HOW TO AVOID A DATA BREACH
MITIGATE THE RISK
What is a data breach?
A data breach is an event resulting in the exposure of sensitive or confidential data, outside of a trusted environment.
Every week, new data breaches are reported across the globe, many of which have far-reaching consequences for companies and their customers. Big multinational companies are often targeted, and hackers have repeatedly gained access to personal details including passwords, email addresses, credit card details and home addresses. This can have a devastating effect on consumer confidence. There’s no mistake about it: data breaches are extremely bad for business.
It’s no surprise that cyberattacks are so common
For criminals, hacking into sensitive or confidential data can be an easy way to gain large financial reward – and their job is often made easier if companies haven’t taken adequate measures to protect their data.
Despite the regular occurrence of data breaches, there are steps you can take to mitigate the risk. Although you may never be able to guarantee your security 100%, companies do have the power to protect themselves and reduce their vulnerability to attack. In this article we’ll explore how data breaches happen alongside the methods cyber-attackers have used to gain access to sensitive data, providing actionable insights and tips on how to avoid a data breach in the future.
Did you know that data breaches have multiple causes?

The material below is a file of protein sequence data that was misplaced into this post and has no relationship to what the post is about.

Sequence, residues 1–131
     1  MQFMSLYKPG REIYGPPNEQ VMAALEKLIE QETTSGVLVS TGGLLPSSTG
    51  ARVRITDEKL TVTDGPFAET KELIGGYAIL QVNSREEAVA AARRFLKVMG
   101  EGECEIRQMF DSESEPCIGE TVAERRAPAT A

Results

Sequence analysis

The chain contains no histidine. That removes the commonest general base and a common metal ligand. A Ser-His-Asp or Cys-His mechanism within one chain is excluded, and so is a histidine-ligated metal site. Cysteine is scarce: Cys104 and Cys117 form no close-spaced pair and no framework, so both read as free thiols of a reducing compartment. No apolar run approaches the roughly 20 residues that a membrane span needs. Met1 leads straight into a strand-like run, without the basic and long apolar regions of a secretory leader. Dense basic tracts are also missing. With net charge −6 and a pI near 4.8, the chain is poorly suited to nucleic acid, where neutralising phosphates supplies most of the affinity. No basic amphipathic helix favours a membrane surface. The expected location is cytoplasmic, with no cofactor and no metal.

Intentional data breaches
In the case of an intentional data breach by hackers, the stolen data is often used for illegal profit. It may be associated with identity theft, allowing criminals to assume false identities to carry out illegal activities, or used by competing companies to gain insights into your business activity. Some hackers even hold companies to ransom, using ransomware to gain access and lock organizations out, in order to demand a payment in exchange for restored access to the IT environment. Hackers may be acting within the company, or outside of it. In most cases this is a result of an APT (Advanced Persistent Threat) that succeeds in penetrating the corporate infrastructure.
Accidental data breaches
Accidental data breaches may not be intended, but the end result may be just as harmful for business. This type of data breach may be caused by technical issues (if software is vulnerable to attack) or human error (if systems or security are incorrectly configured) on the part of the system administrator or DBA. A common example is the deployment of a cloud-based resource without either being aware of or following best practices.
Inadvertent data breaches
Inadvertent data breaches differ in that they stem from mistakes or oversights that the users of data are responsible for as opposed to the admins. Sometimes employees may unwittingly allow access to data to other employees that should not have access to perform their job but lost or stolen mobile devices, portable storage devices, errant e-mails, and hard copies are also equally common examples. This attack can also be due to depraved indifference where users simply don’t care or assume “someone else will take care of that – not my job.”
How does a data breach happen?
Methods used to breach data:
- Spyware and viruses, where malicious software is installed in order to gain access to sensitive data. This can often be prevented using up-to-date anti-virus software, but cyber-attackers are always working to detect vulnerabilities and exploit them.